Fifty cases of Cryptosporidium have been traced to a farm on an island off the south coast of England.

The UK Health Security Agency (UKHSA)’s South East branch has tried to contact people who visited Hazelgrove Farm from April to the start of May on the Isle of Wight.

People are thought to have become sick after coming into contact with animals. The farm halted animal petting activity in early May.

No ongoing risk
Dr. Anand Fernandes, the health protection consultant for UKHSA South East, said there is no ongoing risk to the public associated with the farm.

“We have worked closely with the Isle of Wight Council, the Health and Safety Executive (HSE) and the farm to take all appropriate public health steps to help prevent further infection. The farm took quick action and voluntarily stopped the animal petting activity on May 1. Although symptoms of cryptosporidiosis can last for over two weeks in some people, we do not expect to see new cases directly attributed to the farm beyond May 10,” he said.

There are a number of infections that can be associated with visiting farms and touching animals, including E. coli, Salmonella, and Cryptosporidium, said Fernandes.

“Cryptosporidium, which is central to this incident, is a relatively common bug that can be easily caught from touching animals, so we recommend people wash their hands thoroughly with soap and hot water and dry them after being near animals or in areas frequented by animals and before preparing or eating food. This is especially important if you have been ill with symptoms yourself, as people with the infection can pass it on to others by touching surfaces or food.”

People were advised to stay out of school and work for 48 hours and away from swimming pools for 14 days after the last episode of illness.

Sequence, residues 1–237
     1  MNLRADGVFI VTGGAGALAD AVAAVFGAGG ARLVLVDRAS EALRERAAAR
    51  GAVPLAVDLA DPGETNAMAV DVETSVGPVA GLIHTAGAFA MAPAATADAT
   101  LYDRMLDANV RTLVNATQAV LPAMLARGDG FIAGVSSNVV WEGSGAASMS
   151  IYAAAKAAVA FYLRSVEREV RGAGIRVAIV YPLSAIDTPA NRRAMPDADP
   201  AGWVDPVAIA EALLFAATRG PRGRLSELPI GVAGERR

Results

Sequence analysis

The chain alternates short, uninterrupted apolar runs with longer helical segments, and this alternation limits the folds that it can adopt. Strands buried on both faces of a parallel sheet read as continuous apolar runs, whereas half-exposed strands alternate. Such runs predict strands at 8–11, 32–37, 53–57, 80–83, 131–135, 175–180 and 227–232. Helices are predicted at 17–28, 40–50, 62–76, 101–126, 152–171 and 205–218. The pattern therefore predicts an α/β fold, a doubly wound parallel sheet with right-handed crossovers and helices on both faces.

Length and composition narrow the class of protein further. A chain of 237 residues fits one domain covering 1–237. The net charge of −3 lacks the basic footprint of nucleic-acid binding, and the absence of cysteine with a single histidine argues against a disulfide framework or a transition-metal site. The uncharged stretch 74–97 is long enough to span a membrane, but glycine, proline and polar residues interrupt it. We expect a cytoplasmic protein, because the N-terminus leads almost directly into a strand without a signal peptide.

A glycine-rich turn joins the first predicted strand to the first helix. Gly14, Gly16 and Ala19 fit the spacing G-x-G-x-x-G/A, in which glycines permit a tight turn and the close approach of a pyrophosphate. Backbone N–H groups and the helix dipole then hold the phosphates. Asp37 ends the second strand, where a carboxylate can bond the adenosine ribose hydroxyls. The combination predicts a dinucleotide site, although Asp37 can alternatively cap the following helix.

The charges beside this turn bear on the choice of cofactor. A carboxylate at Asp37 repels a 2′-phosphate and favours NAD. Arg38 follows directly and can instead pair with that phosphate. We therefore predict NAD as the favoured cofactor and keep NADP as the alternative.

Cryptosporidium is a microscopic parasite that, if ingested, can cause cryptosporidiosis. Transmission occurs mainly through contact with contaminated water but can be via food or exposure to infected animals or water contaminated by the feces of infected animals. The risk of infection can be reduced by good hand hygiene.

The main symptom is watery diarrhea, which can range from mild to severe. It is often accompanied by stomach pain, nausea or vomiting, fever, and sometimes dehydration. Symptoms usually appear two to 10 days after infection and last one to two weeks.

E. coli and Cryptosporidium incidents involving APHA
Meanwhile, the Animal and Plant Health Agency (APHA) has revealed details of outbreaks the agency was included in from January to March.

During the first quarter of 2023, APHA continued to assist with a Shiga toxin-producing E. coli (STEC) O157 outbreak which started in the previous quarter. Cases of STEC O157 from earlier incidents in the summer of 2022 and in October to November 2022 had an identical whole genome sequence (WGS) — all of them were epidemiologically linked to the same open farm.

In the fourth quarter of 2022, an APHA veterinary investigation officer visited the farm at the request of the incident management team. Forty fresh environmental samples of floors, fields, pens, and feces from a range of animals were collected.

E. coli O157 was not detected in 39 samples but there was a suspect organism cultured by APHA in one pig sample. This underwent further investigation including WGS analysis which confirmed the pig isolate was an identical strain to human cases. The three pigs, who were all healthy, in the pen that the positive sample originated from, were moved off the farm to another location. The pen was cleaned and disinfected with no public access in the interim.

A report advised the risk to the public could be reduced further by making improvements to the supervision of animal contact, enhancing handwashing facilities, and improving some of the animal exhibits.

In March, APHA was part of an outbreak control team looking into an incident of cryptosporidiosis linked to a milk vending machine. The investigation is ongoing so no more details are yet available.

Detection of Coxiella burnetii in 11 bovine bulk milk samples by PCR at an overseas laboratory, including nine from English dairy farms and two from Welsh dairy farms, were reported to APHA.

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